The race has changed name several times in its history. From 1972 to 1979, it was called the Trophée Peugeot de l’Avenir in reference to its official sponsor. Then from 1986 to 1990, this event took the name of Tour de la Communauté Européenne since it was organised by the European Community and the European Parliament. And finally in 1992, the race acquired its current name of Tour de l’Avenir.

Originally, the Tour de l’Avenir brought together national teams of eight riders, half of whom had to be under 25 years old. Gradually, the race was opened up to professionals. Since 2007, the event is the exclusive domain of young riders aged 19 to 23 years old.

The Tour de l’Avenir is now part of the UCI U23 Nations Cup (category 2.Ncup).

Last Year

WinnerTobias FOSS (NOR)
SecondGiovanni ALEOTTI (ITA)
ThirdIlan VAN WILDER (BEL)
Green JerseyMatteo JORGENSON (USA)
Polka Dot JerseyJon AGIRRE (ESP)
Super Combative RiderStefan BISSEGGER (CHE)
Team ClassificationBelgium
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2019Tobias Foss (NOR)
2018Tadej POGACAR (SLO)
2017Egan BERNAL (COL)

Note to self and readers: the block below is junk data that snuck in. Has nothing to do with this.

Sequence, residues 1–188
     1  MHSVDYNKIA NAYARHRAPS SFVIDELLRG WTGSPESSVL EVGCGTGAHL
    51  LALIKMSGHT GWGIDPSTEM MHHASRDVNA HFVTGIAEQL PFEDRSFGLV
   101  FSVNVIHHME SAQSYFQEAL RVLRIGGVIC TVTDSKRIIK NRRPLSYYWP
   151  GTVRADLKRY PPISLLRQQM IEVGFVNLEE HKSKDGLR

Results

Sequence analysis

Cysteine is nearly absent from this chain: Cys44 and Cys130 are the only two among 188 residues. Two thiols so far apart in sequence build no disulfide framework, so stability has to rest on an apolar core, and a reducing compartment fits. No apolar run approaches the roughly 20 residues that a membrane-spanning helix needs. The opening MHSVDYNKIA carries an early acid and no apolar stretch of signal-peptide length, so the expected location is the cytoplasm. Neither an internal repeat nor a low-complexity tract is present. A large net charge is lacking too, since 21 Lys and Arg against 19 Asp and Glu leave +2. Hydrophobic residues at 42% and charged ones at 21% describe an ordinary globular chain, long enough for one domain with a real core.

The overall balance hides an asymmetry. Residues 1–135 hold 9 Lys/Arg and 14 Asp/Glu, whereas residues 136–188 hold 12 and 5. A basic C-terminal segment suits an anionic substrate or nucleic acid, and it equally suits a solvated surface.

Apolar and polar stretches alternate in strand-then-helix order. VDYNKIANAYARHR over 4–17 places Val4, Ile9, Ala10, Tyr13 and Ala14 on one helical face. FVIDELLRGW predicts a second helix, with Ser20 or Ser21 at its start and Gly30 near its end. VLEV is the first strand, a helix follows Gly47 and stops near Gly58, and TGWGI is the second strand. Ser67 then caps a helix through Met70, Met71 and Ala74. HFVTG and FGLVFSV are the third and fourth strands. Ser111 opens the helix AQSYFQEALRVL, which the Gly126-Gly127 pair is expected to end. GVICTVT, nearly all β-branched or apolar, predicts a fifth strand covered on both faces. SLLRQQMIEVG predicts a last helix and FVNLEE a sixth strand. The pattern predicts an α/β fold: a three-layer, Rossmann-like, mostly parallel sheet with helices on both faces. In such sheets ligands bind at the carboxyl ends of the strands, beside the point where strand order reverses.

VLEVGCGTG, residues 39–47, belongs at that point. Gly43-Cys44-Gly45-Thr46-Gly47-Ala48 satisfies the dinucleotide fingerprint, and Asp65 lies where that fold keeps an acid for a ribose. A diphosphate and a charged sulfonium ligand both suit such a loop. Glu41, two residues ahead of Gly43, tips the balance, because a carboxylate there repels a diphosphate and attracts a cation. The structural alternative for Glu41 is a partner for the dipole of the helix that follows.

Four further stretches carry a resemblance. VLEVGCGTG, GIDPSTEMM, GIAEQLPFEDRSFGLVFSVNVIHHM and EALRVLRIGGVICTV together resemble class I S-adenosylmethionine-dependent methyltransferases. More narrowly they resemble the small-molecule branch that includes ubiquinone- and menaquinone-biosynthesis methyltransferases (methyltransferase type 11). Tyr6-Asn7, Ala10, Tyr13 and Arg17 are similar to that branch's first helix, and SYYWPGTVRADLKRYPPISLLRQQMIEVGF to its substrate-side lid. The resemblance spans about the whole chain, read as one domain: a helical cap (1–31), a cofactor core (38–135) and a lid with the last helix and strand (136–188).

2016David GAUDU (FRA)
2015Marc SOLER GIMENEZ (ESP)
2014Miguel Angel LOPEZ (COL)
2013Ruben FERNANDEZ ANDUJAR (ESP)
2012Warren BARGUIL (FRA)
2011Esteban CHAVES (COL)
2010Nairo QUINTANA (COL)
2009Romain SICARD (FRA)
2008Jan BAKELANTS (BEL)
2007Bauke MOLLEMA (NED)
2006Moisés DUENAS (ESP)
2005Lars Ytting BAK (DEN)
2004Sylvain CALZATI (FRA)
2003Egoi MARTINEZ (ESP)
2002Evgueni PETROV (RUS)
2001Denis MENCHOV (RUS)
2000Iker FLORES (ESP)
1999Unai OSA (ESP)
1998Christophe RINERO (FRA)
1997Laurent ROUX (FRA)
1996David ETXEBARRIA (ESP)
1995Emmanuel MAGNIEN (FRA)
1994Angel CASERO (ESP)
1993Thomas DAVY (FRA)
1992Hervé GAREL (FRA)
1991aucun
1990Johan BRUYNEEL (BEL)
1989Pascal LINO (FRA)
1988Laurent FIGNON (FRA)
1987Marc MADIOT (FRA)
1986Miguel INDURAIN (ESP)
1985Martin RAMIREZ (COL)
1984Charly MOTTET (FRA)
1983Olaf LUDWIG (ALL)
1982Greg LEMOND (USA)
1981Pascal SIMON (FRA)
1980Alfonso FLOREZ (COL)
1979Sergueï SOUKHOROUTCHENKOV (URS)
1978Sergueï SOUKHOROUTCHENKOV (URS)
1977Eddy SCHEPERS (BEL)
1976Sven-Ake NILSSON (SWE)
1975Aucun
1974Enrique MARTINEZ HEREDI (ESP)
1973Gianbattista BARONCHELLI (ITA)
1972Fedor DEN HERTOG (NED)
1971Régis OVION (FRA)
1970Marcel DUCHEMIN (FRA)
1969Joop ZOETEMELK (FRA)
1968Jean-Pierre BOULARD (FRA)
1967Christian ROBINI (FRA)
1966Mino DENTI (ITA)
1965Mariano DIAZ (ESP)
1964Felice GIMONDI (ITA)
1963André ZIMMERMANN (FRA)
1962Antonio GOMEZ DEL MORAL (ESP)
1961Guido DE ROSSO (ITA)